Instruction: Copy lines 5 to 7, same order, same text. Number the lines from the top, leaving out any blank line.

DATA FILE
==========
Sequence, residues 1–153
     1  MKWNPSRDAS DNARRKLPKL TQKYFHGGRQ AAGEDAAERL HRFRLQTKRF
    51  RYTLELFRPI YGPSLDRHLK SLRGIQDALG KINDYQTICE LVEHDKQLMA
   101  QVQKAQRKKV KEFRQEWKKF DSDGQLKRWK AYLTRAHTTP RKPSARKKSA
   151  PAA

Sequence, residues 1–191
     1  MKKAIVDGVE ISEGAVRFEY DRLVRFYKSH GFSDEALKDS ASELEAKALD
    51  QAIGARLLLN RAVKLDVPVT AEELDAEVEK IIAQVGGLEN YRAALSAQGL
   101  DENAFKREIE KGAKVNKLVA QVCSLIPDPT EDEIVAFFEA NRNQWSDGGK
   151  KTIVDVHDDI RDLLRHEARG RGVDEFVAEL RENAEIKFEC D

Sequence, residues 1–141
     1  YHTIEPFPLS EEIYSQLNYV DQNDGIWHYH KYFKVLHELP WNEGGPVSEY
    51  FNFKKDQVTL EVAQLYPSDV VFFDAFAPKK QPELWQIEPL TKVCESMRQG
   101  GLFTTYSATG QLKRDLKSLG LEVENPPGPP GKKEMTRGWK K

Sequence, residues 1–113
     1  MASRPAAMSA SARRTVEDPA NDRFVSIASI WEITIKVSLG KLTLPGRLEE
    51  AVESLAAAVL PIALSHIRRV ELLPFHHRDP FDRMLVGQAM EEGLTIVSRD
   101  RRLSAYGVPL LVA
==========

   151  PAA

Sequence, residues 1–191
     1  MKKAIVDGVE ISEGAVRFEY DRLVRFYKSH GFSDEALKDS ASELEAKALD